To investigate employment in working-age head and neck cancer (HNC) survivors before and after treatment in relation to sociodemographic and clinical factors, health related quality of life, and emotional distress. Patients younger than 65 years at time of diagnosis and at least 2 years after curative treatment for HNC were included. Exclusion criteria were cognitive dysfunction and no understanding of Dutch language. Primary outcome measures were employment status and return to work assessed by a study specific questionnaire. Secondary outcome measures were health related quality of life (EORTC QLQ-C30 and QLQ-H&N35) and emotional distress (Hospital Anxiety and Depression Scale (HADS)). Sociodemographic and disease and treatment related parameters, health related quality of life, and distress were compared to employment status. Eighty-five out of 113 included patients completed the questionnaires (response rate 75%). At time of diagnosis 32 patients were not working (38%), significantly associated with (higher) age and (lower) education level. Of the 53 patients who were employed at time of diagnosis, 44 patients returned to work (83%): 28 to the same work, 7 to adapted work and 9 to other work. Median time was 6 months to return to work (range 0-24 months) and 71% of the patient returned to work within 6 months after treatment. Anxiety and oral dysfunction as xerostomia, trismus, sticky saliva, problems with teeth, and loss of appetite, problems with social eating and social contacts were significantly associated with employment after treatment. The majority of employed HNC survivors return to work within 6 months after treatment. Oral dysfunction, loss of appetite, deteriorated social functioning, and high levels of anxiety are barriers for HNC survivors to return to work after treatment. © 2009 Elsevier Ltd. All rights reserved.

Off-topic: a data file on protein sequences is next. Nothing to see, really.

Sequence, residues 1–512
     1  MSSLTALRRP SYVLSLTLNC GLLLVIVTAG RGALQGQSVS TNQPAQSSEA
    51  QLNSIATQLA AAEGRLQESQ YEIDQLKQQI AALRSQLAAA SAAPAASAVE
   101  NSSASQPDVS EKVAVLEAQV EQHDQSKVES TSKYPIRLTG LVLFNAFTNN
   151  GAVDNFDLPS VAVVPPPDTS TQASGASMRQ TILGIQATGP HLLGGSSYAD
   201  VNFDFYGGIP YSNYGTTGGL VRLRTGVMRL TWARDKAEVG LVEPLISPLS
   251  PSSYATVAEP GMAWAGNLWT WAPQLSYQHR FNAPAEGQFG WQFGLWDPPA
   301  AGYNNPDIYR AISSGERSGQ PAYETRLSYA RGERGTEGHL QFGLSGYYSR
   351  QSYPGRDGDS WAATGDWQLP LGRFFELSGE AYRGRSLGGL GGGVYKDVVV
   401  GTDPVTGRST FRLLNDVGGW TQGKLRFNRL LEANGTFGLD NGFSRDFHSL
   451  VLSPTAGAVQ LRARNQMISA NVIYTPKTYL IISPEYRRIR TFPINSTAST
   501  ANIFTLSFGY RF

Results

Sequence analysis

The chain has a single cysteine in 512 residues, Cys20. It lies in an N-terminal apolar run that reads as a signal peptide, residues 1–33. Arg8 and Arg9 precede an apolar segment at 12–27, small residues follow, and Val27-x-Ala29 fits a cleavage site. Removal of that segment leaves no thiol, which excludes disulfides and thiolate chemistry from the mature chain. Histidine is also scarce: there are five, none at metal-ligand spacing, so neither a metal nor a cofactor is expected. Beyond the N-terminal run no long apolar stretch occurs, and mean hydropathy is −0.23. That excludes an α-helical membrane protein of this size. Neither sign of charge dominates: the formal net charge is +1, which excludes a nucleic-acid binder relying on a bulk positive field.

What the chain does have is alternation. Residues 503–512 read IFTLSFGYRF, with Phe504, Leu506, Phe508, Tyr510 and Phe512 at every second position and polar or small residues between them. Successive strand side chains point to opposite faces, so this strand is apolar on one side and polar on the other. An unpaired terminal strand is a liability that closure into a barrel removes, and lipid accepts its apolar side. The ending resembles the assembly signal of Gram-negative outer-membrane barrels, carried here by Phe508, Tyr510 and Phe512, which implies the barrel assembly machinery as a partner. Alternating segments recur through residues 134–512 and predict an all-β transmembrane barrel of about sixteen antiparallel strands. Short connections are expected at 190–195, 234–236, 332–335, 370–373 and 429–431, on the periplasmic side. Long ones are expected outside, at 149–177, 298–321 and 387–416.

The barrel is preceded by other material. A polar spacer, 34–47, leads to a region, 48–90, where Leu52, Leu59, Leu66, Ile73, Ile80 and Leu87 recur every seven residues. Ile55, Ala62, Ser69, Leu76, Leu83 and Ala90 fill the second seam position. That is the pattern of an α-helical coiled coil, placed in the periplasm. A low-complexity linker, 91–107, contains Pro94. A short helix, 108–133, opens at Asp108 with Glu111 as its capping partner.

|Publication status||Published - 2010|